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2011: The Year's Most Scathing Restaurant Reviews

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Reviews can be a restaurant's savior or the beginning of an end, and while it's always nice to see a great restaurant get a good review, it's a lot more fun to see a critic tear it to pieces. When else does one encounter such unabashed hatred? So here are the year's best take downs — agree or disagree with each verdict, they're all at the very least entertaining reads. Below, the most revolting food, hostile environments, and appallingly rude service restaurant critics were forced to endure this year so that you wouldn't have to.

London:

· Jay Rayner on Le Caprice: "Don't go to Le Caprice hungry. After my experience there, I am minded to wonder why anybody goes there at all. But certainly don't go there eager to be fed."
· Jay Rayner on Gordon Ramsay's Bread Street Kitchen: "To be frank Bread Street Kitchen is the kind of place only its mother could really love."

New York:

· Alan Richman on M. Wells: "My experience there was like no other. The motto is "All's well at M. Wells." I assure you it is not."
· Sam Sifton on Fishtag: "The restaurant marries solid Mediterranean cooking to a kind of wackadoo, cheffy bravado that brings sea urchin to the table floating in a glass of brackish seawater as if it were art. (It is not. It is kind of nasty.) Fishtag is a good restaurant trapped inside a bad one."
· Sam Sifton on Imperial No. Nine: "They were pillowy in the sense of the word that describes the taste of a pillow."
· Steve Cuozzo on the Trilby: "The Trilby wears too many hats. It’s sort of a restaurant that sets a new benchmark for vagueness — serving not even 'small' and 'large' plates of food, but 'smaller' and 'larger' ones."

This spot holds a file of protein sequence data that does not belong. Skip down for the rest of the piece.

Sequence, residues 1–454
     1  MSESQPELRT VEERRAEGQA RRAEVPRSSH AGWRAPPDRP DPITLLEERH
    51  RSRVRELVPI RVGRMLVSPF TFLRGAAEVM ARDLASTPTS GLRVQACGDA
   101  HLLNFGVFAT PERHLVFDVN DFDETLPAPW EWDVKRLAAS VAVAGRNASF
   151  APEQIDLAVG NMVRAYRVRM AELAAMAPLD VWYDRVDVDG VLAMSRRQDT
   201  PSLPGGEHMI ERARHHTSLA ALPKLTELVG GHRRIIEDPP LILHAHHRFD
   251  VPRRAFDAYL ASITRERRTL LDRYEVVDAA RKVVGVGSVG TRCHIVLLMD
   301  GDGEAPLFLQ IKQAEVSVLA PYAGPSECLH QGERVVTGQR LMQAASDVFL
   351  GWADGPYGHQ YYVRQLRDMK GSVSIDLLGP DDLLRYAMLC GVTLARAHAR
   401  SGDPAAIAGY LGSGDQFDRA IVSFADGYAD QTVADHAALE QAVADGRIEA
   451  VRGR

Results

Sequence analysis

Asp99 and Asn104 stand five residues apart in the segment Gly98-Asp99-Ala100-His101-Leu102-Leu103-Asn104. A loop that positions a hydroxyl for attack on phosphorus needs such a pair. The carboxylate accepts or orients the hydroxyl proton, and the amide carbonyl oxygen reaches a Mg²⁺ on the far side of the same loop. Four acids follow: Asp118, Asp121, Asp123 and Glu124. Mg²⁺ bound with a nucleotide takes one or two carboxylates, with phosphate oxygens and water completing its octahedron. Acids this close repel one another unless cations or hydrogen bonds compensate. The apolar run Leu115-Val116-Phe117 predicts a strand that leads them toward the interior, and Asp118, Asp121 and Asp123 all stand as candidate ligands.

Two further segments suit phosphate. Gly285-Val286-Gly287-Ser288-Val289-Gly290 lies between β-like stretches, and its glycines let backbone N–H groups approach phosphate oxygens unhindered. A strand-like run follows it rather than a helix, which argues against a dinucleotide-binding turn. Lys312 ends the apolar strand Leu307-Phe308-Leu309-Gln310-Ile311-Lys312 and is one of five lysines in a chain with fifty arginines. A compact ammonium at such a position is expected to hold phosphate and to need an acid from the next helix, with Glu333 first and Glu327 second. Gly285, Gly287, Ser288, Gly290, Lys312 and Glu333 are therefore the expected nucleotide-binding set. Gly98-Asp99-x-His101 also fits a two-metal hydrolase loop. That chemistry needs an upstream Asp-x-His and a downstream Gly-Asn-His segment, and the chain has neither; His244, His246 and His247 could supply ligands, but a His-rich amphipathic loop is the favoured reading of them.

Atlanta:

· John Kessler on the entire city of Atlanta: "I can't tell you how many good restaurants have served me limp salad greens, pan-fried fish without crisp skin, steaks without sear and seasoning that is all over the place."

Paris:

· AA Gill on L'ami Louis: "It's undeniable that L'Ami Louis really is special and apart. It has earned an epic accolade. It is, all things considered, entre nous, the worst restaurant in the world."

Los Angeles:

· Jonathan Gold on the Olive Garden: "What is lasagna fritta? Apparently rolled lasagna sliced into thick discs, crisped in trans-fat-free boiling oil and served with a marinara dipping sauce. Words for once fail me."

Dallas:

· Leslie Brenner on Lockhart Smokehouse: "You know what? If you're not going to offer barbecue sauce, the meat had better be awfully good. This brisket desperately needed some."
· Nancy Nichols on MesoMaya: "How anyone could screw up a flan in a Mexican restaurant is beyond me, but the version I was served twice at MesoMaya wouldn't pass muster in a prison cafeteria."

Seattle:

· Hanna Raskin on Aqua: "it's inordinately easy to maintain a moralistic stance when the payoff for neglecting sustainability standards is so slight: The food at Aqua is awful."

Chicago:

· Julia Kramer on The Black Sheep: "It was at this moment that I ate a pickled morel, then decided I never want to eat a pickled morel again, then became ready to stop eating at the Black Sheep. But alas, I was in the middle of a tasting menu."
· Julia Kramer on Grahamwich: "A dilettantish assortment of international sandwiches that reflect not just repeated failures of execution but a lack of care in their conception."

Houston:

· Katharine Shilcutt on Cafe Moustache: "When the best thing I can think of to say about a restaurant's lunch and dinner is that they're "inoffensive," something has gone seriously awry in the kitchen."

Miami:

· Victoria Pesce Elliott on Wynwood Kitchen & Bar: "Owners Tony Goldman and daughter Jessica Goldman Srebnick are indeed visionaries. Unfortunately, when it comes to the food, I just don't see it. My meals ranged from mediocre to barely edible."

· All Year in Eater Coverage on Eater [-E-]

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